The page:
MIS535 Case Analysis Discussions Week 5

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MIS535 Case Analysis Discussions Week 5
The FCC’s now abandoned rules also protected your privacy, in that they stopped internet…

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MIS535 Case Analysis Discussions Week 5

MIS535 Case Analysis Discussions Week 5

All Students Posts – 42 Pages 

In this discussion, you will view the voice threads submitted by the other teams and comment on at least 3 of them.

The FCC’s now abandoned rules also protected your privacy, in that they stopped internet service providers (ISPs) from using your personal information, app usage and browsing history in certain ways—namely, it would have stopped them from sharing it or selling it to a third party unless you, the user, had given express consent.

Now, the Federal Trade Commission (FTC), under whose remit ISPs now fall, does not require a user to affirmatively opt-in to allow ISPs to engage in this sort of behaviour; FTC rules only state that a user has to be able to opt-out. Of course, many don’t realise this, and therefore don’t.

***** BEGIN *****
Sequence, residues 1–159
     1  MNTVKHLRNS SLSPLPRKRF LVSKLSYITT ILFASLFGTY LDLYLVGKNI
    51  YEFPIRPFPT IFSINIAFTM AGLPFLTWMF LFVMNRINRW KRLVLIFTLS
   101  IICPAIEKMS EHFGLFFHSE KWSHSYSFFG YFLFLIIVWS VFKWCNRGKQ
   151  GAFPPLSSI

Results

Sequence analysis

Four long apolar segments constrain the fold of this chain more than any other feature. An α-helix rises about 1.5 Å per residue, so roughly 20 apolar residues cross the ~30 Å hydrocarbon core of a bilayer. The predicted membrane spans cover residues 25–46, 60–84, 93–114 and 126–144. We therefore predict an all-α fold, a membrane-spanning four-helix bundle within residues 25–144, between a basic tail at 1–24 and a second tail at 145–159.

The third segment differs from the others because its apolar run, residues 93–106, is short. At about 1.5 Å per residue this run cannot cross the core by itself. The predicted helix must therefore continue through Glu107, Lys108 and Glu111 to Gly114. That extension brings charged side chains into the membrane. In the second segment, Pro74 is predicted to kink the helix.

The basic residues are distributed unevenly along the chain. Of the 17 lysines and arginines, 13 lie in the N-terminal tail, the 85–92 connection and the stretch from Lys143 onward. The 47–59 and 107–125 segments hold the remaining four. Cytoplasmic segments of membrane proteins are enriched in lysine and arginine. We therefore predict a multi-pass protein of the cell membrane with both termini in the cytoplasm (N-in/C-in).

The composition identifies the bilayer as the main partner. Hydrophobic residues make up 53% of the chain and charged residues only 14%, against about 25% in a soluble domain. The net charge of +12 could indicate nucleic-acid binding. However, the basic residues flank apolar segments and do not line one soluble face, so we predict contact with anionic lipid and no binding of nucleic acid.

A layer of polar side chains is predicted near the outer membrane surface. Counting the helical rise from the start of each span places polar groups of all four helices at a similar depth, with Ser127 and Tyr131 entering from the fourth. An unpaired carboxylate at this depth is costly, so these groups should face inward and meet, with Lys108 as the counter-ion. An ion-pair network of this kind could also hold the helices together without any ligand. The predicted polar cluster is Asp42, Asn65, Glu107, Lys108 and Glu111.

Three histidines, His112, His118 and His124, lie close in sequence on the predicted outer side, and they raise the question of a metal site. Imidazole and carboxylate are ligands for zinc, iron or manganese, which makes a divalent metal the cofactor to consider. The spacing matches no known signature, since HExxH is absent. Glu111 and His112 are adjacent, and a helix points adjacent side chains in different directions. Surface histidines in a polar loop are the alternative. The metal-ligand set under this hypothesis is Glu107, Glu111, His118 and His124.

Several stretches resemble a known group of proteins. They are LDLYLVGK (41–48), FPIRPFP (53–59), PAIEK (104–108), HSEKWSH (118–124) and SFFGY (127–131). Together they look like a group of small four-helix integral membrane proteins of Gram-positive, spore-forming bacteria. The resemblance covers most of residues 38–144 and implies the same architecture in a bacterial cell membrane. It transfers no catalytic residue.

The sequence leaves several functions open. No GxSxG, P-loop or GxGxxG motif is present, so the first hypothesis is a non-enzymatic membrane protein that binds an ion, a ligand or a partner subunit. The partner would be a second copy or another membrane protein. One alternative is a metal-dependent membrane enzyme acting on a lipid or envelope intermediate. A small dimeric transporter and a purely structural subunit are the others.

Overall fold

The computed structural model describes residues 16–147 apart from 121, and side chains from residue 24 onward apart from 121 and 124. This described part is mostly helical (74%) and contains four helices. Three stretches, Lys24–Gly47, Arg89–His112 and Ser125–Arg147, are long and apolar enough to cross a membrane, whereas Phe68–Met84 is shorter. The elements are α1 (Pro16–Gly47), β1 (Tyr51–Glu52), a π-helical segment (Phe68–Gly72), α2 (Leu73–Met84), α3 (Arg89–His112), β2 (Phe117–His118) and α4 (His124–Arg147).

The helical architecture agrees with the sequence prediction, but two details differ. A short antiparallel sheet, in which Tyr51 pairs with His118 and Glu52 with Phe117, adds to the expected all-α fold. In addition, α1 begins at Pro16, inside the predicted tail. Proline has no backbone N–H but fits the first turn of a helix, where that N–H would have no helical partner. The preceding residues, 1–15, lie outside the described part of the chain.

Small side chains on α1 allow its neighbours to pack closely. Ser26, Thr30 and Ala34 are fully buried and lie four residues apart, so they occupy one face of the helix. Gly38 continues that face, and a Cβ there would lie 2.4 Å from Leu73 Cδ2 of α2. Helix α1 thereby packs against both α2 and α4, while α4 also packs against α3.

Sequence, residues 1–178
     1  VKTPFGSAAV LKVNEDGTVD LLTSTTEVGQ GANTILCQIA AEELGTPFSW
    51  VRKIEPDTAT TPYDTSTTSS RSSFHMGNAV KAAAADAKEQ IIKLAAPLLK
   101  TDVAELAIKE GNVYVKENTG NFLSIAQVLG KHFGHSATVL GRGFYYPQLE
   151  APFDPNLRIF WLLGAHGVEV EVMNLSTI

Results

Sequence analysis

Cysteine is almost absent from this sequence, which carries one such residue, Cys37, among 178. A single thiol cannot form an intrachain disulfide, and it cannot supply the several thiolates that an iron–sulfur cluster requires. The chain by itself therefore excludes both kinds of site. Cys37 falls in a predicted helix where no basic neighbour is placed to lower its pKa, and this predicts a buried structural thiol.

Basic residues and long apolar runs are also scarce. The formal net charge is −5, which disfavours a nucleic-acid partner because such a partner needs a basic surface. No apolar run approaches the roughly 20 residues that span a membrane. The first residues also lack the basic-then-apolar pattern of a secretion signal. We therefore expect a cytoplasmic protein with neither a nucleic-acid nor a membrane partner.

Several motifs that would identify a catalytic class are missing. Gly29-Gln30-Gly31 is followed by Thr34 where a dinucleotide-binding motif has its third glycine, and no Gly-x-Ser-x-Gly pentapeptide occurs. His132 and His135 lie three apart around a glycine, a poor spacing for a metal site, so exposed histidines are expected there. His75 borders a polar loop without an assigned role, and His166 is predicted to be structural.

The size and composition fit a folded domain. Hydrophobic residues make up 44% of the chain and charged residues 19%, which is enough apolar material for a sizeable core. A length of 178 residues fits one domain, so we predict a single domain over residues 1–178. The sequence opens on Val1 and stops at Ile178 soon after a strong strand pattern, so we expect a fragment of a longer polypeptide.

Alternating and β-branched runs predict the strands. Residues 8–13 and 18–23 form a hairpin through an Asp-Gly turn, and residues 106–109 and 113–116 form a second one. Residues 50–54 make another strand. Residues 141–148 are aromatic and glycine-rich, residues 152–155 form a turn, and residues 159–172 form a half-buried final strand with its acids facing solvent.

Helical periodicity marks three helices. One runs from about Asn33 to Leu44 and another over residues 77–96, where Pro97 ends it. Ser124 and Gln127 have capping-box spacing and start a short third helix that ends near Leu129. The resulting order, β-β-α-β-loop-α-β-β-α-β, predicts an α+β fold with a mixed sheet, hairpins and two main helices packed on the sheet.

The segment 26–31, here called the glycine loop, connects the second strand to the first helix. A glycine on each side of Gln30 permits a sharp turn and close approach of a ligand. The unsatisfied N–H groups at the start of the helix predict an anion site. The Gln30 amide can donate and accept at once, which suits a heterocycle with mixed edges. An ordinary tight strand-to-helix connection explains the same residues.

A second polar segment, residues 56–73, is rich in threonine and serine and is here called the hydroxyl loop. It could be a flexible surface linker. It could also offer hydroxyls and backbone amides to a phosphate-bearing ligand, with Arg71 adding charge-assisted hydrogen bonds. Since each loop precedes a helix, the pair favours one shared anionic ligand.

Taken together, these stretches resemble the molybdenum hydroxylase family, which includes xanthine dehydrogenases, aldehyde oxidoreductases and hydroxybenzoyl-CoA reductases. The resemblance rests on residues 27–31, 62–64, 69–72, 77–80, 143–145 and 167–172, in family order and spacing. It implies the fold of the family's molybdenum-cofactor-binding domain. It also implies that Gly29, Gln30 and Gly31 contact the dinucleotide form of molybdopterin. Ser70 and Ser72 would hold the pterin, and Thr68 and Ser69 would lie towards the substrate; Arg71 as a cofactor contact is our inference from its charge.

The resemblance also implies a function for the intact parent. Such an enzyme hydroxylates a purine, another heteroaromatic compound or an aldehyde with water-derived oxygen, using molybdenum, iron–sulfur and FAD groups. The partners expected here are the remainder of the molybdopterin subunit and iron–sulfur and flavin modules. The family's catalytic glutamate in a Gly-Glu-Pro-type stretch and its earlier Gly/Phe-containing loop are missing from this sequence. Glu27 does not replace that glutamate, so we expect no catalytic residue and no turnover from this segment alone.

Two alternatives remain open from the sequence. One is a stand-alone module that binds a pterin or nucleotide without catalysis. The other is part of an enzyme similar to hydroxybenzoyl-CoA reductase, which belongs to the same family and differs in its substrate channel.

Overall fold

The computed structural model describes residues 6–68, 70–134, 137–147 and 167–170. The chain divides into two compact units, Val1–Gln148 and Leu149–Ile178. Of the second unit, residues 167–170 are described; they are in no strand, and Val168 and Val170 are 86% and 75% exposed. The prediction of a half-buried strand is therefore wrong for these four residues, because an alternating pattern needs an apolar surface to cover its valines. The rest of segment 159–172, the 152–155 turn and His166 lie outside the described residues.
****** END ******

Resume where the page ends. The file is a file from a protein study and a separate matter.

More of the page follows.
Even worse: a 2016 Court of Appeals decision actually means that the FTC can’t stop ISPs from selling your data at all—even if you opt out of this. The decision essentially means that if an ISP provides a “common carrier” service, such a mobile or fixed-line telephone service, the FTC can’t enforce its laws against any of its services. Most ISPs, of course, also offer phone service, putting them beyond the FTC’s rules.

So Net Neutrality isn’t just about keeping the internet a fair and open place. It’s about protecting your privacy and consumer rights, and if we lose the Net Neutrality rules, we lose a lot of our privacy protections too.